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Will you ever get rich?

It used to be an easy question to answer if you were headed to Wall Street.

Not so much today...

Yet another look at America's growing wealth gap doesn't instill confidence.

In fact, if you stop to actually read the article you may wind up looking in the mirror and asking yourself some difficult questions with regards to your goals, aspirations and ambitions.

Proceed... with caution.

Very disturbingly the poorest 90 % of Americans make an average of $31,244 a year. While the richest 1% make a hardly inspiring $1.1 million plus.

Two Very Disturbing Extrapolations

1) $31,244 is a very humble amount of money. It is a very humble amount of money if you are a single person in their 20's living in a studio apartment in a not-so-terrific urban neighborhood. Taking into account this must read Zero Hedge article, (assist to VTech Forever on that one) we can safely say that the majority of today's middle class...really is poor. For an average of ~$30K to apply to 90% of the population (i.e. ~270,000,000 people) there has to be an anchor of dead weight pulling down the honest hardworking sub-six figure crowd subsidizing them.

But who cares...we are the elite,right?

Let us examine...

2) $1.1 million dollars is a nice chunk of change. Let's be clear. A mil definitely does not buy you what it once did. But it's still a nice number...

However...

If the top %1 of Americans (i.e. 3,000,000) make a mil...how discrepant is that figure, really?

Considering how many F50-1000 bosses make a lot more, considering the billionaires and media megastars involved...how many people are actually making that much?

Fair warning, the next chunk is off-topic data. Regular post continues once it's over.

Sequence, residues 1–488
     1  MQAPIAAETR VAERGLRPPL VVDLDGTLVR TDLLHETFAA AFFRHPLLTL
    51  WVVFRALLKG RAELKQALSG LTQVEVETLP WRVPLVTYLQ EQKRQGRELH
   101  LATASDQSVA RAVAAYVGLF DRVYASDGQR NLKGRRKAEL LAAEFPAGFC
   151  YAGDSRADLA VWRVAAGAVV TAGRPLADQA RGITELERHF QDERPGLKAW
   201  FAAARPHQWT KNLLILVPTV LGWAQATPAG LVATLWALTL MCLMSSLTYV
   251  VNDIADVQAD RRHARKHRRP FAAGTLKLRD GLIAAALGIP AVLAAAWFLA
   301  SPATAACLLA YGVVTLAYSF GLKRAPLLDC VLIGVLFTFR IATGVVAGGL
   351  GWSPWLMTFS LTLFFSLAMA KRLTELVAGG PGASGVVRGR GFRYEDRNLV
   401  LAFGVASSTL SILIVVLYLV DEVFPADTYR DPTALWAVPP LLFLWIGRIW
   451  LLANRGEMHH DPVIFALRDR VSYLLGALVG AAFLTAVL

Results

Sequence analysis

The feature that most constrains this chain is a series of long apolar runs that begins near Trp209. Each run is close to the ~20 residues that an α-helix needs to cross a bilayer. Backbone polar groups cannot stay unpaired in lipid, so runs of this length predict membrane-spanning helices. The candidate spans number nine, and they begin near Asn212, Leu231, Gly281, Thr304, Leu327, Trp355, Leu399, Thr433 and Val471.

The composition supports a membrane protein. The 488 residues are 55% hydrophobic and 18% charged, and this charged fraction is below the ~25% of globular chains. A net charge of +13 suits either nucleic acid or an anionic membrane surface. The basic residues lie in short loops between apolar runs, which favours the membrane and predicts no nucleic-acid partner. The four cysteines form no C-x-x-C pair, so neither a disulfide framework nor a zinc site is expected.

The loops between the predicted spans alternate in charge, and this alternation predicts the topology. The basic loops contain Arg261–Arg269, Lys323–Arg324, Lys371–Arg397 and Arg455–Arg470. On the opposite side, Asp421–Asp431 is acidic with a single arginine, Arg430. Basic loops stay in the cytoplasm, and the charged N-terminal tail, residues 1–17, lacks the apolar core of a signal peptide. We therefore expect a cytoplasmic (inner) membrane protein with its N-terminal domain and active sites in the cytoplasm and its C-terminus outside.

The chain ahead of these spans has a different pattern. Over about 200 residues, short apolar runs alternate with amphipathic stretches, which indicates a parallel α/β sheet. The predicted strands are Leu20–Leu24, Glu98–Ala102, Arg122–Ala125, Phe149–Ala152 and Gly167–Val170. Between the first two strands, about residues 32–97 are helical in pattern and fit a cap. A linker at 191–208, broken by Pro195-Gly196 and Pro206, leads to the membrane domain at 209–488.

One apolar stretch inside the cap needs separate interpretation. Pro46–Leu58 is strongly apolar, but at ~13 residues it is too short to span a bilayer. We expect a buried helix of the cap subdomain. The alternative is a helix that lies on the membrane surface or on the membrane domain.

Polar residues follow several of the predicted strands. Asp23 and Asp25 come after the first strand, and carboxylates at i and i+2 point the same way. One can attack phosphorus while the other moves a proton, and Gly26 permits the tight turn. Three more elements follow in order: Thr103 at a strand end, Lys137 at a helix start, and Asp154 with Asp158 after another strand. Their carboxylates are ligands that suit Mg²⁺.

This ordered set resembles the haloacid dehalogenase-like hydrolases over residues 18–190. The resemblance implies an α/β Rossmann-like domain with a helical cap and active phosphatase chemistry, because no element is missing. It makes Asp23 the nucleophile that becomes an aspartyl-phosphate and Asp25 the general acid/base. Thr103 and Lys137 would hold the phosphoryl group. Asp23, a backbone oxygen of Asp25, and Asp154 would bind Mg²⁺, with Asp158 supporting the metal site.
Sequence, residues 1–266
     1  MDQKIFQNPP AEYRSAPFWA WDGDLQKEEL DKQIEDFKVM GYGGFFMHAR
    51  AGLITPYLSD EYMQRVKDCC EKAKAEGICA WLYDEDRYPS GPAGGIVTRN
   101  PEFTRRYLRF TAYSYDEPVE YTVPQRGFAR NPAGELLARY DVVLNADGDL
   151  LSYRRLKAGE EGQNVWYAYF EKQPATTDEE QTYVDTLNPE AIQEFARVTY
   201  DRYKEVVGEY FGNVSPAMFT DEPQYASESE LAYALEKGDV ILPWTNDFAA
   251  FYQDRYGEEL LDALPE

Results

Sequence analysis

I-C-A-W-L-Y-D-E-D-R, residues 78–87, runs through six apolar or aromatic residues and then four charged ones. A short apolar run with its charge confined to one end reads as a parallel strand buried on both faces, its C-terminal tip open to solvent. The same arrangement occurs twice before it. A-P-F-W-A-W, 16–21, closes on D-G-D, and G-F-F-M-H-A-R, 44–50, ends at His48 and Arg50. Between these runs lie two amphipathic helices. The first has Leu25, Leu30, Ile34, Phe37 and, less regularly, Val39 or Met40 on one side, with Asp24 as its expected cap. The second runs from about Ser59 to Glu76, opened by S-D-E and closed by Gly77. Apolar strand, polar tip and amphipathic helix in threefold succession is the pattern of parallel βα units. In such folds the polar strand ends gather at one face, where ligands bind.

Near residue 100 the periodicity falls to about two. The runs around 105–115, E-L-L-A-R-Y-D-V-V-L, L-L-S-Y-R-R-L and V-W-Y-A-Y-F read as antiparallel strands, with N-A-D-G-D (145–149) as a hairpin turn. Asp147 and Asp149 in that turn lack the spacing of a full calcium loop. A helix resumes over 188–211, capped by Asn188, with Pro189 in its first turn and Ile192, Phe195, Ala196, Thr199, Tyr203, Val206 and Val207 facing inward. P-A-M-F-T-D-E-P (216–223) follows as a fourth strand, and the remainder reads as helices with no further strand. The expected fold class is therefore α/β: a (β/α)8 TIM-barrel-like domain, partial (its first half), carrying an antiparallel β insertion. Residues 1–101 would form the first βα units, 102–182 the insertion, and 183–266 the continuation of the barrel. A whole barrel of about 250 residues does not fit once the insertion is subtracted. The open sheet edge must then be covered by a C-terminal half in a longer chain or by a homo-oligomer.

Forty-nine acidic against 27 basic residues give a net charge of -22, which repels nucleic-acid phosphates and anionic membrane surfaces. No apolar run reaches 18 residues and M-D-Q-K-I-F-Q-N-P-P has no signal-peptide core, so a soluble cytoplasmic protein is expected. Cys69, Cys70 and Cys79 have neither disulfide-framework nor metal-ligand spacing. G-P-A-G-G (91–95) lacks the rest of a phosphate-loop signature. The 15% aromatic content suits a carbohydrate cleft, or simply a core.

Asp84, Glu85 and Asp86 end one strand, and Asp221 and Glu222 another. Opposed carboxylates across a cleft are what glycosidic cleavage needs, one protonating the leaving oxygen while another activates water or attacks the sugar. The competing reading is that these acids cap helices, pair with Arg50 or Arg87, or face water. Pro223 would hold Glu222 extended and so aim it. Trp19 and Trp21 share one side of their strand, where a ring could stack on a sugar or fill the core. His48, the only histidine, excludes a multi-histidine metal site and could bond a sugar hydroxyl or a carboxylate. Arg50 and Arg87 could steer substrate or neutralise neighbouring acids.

Isn't it highly likely that the "typical Wall Street stiff making $400K/year" is the caboose pulling down this party wagon?

Isn't it actually becoming a reality that in the top 1%, the monkeys and the chimps are the anchor babies making the disgusting discrepancy seem more paletteable in this sort of analysis?

Tell me, monkeys...

What do these figures tell you?

Then think about it and answer honestly...

Will you ever really be rich or will you be paying someone else's free lunch so the real %1 do not have to?

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Comments (353)

  • TNA's picture

    Do as I say, not as I do.

    Glad we could finally get the truth to come out.

    Bravo gents.

  • freroht's picture

    I only think it is a risk factor. I really would not mind having a society where the 1% elite possess 99% of the resources. The only that situation like that creates is chaos, uproar and socialism.

    There is a reason why communism was formed; the disparity of wealth was the biggest reason for that.

    I think if you want to have a free and capitalistic society, we will need to find a way to have more people succeed.

  • In reply to freroht
    monkeysama's picture

    freroht:
    I only think it is a risk factor. I really would not mind having a society where the 1% elite possess 99% of the resources. The only that situation like that creates is chaos, uproar and socialism.

    There is a reason why communism was formed; the disparity of wealth was the biggest reason for that.

    I think if you want to have a free and capitalistic society, we will need to find a way to have more people succeed.